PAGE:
Cigarette Butt Litter

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Cigarette butts are the most frequently littered items in the United States today. Tobacco products make up roughly 38 percent of all U.S. roadway litter and comprise nearly 30 percent of litter at "transition points", which are defined as areas where individuals consuming a food or tobacco product must discard the product before entering, such as the entrances to office buildings or retail stores.

Because a cigarette butt is relatively small, smokers tend to overlook the consequences of littering. Some believe they're acting responsibly when they extinguish cigarettes by dropping them on the ground. But those butts don't disappear. About 95 percent of cigarette filters are comprised of cellulose acetate, a form of plastic that does not quickly degrade and can persist in the environment. Depending on the conditions of the area where the cigarette butt is discarded, it can take 18 months to 10 years for it to decompose.

Some smokers also erroneously assume that dropping butts into gutters or drains is a safe way to extinguish them. Many of those cigarette butts travel through storm water systems and end up in local streams and rivers polluting waterways. Cigarette butt litter can also pose a hazard to animals and marine life when they mistake the filters for food.

A 2009 Keep America Beautiful litter study revealed a 65 percent littering rate among smokers. Both the availability of ash receptacles and the amount of existing litter affected the littering rate. Smokers are more likely to litter when an ash receptacle or trash can is not close by. Littering is also more likely to occur when the environment contains any type of litter, not just cigarette butts.

Study results show that smokers under 30 years old are more likely to litter than those individuals who are older. It stated that age, and not gender, is a significant predictor of littering behavior.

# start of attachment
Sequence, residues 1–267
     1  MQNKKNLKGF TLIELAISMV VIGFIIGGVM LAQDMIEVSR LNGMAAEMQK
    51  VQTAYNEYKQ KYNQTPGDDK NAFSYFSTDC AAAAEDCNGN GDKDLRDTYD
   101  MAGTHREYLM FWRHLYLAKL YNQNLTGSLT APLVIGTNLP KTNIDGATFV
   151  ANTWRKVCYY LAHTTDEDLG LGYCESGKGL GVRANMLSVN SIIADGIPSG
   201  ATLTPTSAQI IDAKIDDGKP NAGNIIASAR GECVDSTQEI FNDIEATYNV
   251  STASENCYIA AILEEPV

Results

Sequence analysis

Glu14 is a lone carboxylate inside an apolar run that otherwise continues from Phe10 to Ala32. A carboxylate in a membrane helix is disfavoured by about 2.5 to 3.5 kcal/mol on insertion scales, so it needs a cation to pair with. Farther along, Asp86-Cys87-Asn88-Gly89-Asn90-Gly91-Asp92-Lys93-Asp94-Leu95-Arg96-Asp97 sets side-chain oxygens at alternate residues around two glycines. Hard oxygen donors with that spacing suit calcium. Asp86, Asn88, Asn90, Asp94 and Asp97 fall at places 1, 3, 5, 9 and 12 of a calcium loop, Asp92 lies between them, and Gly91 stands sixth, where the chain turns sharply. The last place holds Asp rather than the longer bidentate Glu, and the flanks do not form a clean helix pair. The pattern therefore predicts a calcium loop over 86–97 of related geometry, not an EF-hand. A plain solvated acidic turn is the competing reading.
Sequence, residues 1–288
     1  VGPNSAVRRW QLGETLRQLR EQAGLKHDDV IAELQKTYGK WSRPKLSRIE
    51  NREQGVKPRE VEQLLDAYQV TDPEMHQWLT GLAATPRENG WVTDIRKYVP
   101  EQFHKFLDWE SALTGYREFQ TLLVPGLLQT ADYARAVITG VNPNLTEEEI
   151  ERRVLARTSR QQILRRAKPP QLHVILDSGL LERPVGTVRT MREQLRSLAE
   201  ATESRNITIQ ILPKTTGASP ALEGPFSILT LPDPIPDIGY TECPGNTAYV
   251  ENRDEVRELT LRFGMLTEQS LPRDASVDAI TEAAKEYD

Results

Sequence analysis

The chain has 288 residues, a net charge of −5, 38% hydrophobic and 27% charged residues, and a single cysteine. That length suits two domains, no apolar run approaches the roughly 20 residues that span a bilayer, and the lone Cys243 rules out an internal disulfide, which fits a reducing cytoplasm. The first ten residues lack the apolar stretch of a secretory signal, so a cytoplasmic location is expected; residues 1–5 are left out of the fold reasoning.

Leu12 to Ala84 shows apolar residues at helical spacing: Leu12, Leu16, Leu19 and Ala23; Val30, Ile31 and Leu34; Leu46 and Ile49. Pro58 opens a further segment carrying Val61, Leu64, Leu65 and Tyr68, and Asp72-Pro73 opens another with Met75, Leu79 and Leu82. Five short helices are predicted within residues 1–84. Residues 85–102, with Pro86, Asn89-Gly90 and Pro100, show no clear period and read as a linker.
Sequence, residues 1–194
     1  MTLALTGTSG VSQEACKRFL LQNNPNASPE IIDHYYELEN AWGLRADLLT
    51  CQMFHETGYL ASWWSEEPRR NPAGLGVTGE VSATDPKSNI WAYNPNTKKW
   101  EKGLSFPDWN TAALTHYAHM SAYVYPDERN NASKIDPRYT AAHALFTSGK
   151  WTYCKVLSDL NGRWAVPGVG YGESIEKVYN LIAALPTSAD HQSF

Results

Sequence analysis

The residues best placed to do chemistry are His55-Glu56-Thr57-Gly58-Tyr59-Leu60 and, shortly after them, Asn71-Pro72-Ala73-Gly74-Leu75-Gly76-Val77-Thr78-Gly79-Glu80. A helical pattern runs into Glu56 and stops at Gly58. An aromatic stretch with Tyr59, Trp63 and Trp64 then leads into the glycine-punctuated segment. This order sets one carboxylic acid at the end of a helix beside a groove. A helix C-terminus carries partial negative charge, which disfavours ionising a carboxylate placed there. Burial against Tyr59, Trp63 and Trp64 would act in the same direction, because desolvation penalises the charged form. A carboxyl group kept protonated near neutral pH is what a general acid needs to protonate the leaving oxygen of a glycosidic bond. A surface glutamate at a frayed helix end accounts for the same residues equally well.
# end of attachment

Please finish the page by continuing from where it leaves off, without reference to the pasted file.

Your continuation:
Visit these websites or more information about cigarette litter:

Tackling the Problem

Preventing cigarette litter requires changing individual behavior. Smokers are encouraged to properly dispose of cigarettes butts in ash receptacles and trash cans, or to use a pocket ashtray when receptacles are not available. For every additional ash receptacle, the littering rate for cigarette butts decreases 9 percent. Businesses and facilities should consider increasing the number of available trash cans and ash receptacles at their establishment if cigarette litter persists.

There are 1.1 billion smokers in the world today, and if current trends continue, the number is expected to increase to 1.6 billion by the year 2025. If you're a smoker thinking about quitting, there are many resources and programs available. Cigarettes pollute the air we breathe and the ground we walk on. When you quit smoking you're contributing to the health and well-being of your environment and your body.

Visit these websites or more information about how to quit smoking:

"Cigarette Butt Litter Public Service Announcement"

(1 minute, 16 seconds)

"One Man's Stand Against Cigarette Litter in Port St. Lucie "

(1 minute, 56 seconds)